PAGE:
Neural networks: how to teach a computer to see

Scientists have been pondering this question since mid-20th century. In 1943, Warren McCulloch and Walter Pitts proposed a model of a neuron (a single cell of a neural network) to be used for machine learning. 15 years later Frank Rosenblatt showcased a simple neural network that could distinguish between objects in a two-dimensional space. Although back then image analysis was still unattainable. Why?

“Imagine you have a picture made of 9 pixels placed in a 3 by 3 grid. We take the first column, add the second one below and then the third – and we end up with a 9-pixel-long vector. Each pixel is then sent to a neuron. It would be the same as grabbing a book and reading the first letter of each line – we’d eventually read the page, but we won’t understand any of it” – explained Ivan Burtsev, Master’s degree student at ITMO University and developer at the Kuznech start-up.

These days Facebook can easily discern users’ faces on their photos, Twitter blocks forbidden content without need for moderators and services and apps based on Microsoft’s Project Oxford API can easily determine a dog’s breed or someone’s mood in a photo. New technologies based on neural networks appear every day: they’ve already been successfully integrated into banking, marketing and entertainment.

Ivan Burtsev. Credit: Sergey Nikolaev

The Russian-American start-up Kuznech uses convolutional neural networks in business projects and various applications. The company has already won 12 prestigious international awards in IT, received a grant from Skolkovo Foundation and registered several patents in Russia and U.S. One of their products is an app called Logotrakr that helps track the appearances of company logos during broadcasts, in commercials, TV shows, films and music videos. This helps analyze the rate of appearance of a brand in social media and track its popularity.Another solution for businesses is visual merchandising. Neural networks can analyze a store display and determine which products are present, categorize them by brands or packaging colors and compile a report to help determine which products are in stock and which ones need to be replenished.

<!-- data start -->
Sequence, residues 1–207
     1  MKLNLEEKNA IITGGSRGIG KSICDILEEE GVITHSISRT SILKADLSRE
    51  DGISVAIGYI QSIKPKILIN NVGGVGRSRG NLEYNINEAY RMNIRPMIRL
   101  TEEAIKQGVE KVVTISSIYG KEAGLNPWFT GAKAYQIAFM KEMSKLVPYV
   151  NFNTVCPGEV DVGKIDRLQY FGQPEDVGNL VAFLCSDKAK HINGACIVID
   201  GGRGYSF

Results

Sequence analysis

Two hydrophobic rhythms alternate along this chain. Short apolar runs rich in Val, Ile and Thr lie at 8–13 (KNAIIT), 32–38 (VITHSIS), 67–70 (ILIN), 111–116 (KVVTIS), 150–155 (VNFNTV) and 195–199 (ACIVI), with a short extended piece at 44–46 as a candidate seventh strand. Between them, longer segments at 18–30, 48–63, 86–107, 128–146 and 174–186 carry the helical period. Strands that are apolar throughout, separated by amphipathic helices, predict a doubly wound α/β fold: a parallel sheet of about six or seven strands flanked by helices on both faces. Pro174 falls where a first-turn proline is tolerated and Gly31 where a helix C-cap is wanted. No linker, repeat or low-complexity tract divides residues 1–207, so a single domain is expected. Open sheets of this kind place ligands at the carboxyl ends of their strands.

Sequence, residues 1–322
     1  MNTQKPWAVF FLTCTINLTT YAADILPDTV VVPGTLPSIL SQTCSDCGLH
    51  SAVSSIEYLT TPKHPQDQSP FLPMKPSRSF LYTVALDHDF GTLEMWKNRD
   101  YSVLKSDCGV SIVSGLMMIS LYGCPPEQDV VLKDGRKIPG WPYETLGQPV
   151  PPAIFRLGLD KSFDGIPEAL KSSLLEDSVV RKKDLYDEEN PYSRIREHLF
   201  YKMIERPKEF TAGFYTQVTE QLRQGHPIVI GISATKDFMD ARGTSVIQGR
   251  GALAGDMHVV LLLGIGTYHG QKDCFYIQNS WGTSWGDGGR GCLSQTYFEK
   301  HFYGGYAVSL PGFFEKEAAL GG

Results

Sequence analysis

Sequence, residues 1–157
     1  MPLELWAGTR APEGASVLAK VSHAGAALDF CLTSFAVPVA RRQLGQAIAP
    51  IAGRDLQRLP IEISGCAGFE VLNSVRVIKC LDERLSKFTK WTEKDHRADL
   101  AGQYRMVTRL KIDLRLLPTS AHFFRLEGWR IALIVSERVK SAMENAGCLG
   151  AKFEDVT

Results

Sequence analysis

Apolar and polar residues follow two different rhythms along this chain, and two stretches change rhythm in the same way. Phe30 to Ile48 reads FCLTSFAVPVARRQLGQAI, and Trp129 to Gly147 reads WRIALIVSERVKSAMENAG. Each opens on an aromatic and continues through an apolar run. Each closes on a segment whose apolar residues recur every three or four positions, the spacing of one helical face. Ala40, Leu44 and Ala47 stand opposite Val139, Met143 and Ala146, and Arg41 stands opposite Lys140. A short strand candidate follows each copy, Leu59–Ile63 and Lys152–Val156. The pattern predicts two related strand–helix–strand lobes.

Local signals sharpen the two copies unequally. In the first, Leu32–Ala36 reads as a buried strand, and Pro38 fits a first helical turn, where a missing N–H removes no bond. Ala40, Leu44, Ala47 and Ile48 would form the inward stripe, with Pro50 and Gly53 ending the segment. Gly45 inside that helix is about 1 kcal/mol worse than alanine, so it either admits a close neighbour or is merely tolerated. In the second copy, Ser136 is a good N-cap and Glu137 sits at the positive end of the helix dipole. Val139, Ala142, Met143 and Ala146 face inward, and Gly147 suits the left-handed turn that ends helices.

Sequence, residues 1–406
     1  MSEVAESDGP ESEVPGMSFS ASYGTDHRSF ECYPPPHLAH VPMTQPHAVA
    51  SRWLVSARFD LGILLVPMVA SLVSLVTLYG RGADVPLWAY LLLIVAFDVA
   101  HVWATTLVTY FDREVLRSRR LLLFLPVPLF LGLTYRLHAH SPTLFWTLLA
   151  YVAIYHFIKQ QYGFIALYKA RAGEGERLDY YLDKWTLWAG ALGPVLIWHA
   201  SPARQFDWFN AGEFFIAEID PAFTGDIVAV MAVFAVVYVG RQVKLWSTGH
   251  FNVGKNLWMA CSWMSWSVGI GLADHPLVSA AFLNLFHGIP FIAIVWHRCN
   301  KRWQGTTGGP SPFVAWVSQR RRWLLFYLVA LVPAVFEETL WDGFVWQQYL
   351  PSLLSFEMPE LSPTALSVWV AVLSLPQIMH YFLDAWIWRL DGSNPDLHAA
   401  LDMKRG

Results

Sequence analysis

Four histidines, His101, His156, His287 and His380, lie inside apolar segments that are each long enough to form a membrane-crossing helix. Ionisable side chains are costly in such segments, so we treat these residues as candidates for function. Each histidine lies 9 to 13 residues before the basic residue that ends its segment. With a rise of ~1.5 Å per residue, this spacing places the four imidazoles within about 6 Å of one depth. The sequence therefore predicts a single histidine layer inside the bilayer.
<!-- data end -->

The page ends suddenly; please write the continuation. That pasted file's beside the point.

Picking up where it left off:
Kuznech has also developed a project called LikeThis that helps users determine what someone is wearing based on a photograph and help them find something similar without overpaying.

“Imagine you liked the t-shirt someone was wearing on the street: you take a picture of their outfit, press “Submit” and then the magic happens. The neural network analyzes the image and determines the parts of the image that depict clothing. So you take the photo, send it to the system, it describes the item, for example, as a floor-length dress and finds similar items in our partner stores. It could be a picture you snapped on the street, something you saw in a magazine or took a screenshot of online – LikeThis works with anything”

Among their other projects is a custom filtering system for adult content. The company uses several methods which include identifying the content producer, watermarks and warning text, analyzing faces, poses and even skin types. The latter, adds the developer, is what most often helps the system not to classify paintings and art as adult content.

The future of neural interfaces: how real are Elon Musk’s plans?

Another emerging market is the development of brain-machine interfaces. It’s no coincidence that research into the matter is funded not just by developed countries’ largest research centers, but even by leading tech companies like Facebook or Elon Musk’s Neuralink that was created this April. The founder of Tesla and SpaceX plans to create a technology that would link computers and the human brain. In the near future it could help victims of severe brain trauma; in the long-term perspective, it could make humans smarter and prevent them from being enslaved by AI. This could be implemented using neural lace, a technology that would implant the brain with tiny electrodes (you can read more about it in our article here).

Facebook is also working on a similar system that would eliminate the middlemen of brain-machine interaction – the keyboard and mouse – to completely transform the way we work with computers. Their aim is to create a system that would allow typing 100 words per minute by deciphering the speech center’s neural activity.

Vitaly Zubchenko. Credit: Sergey Nikolaev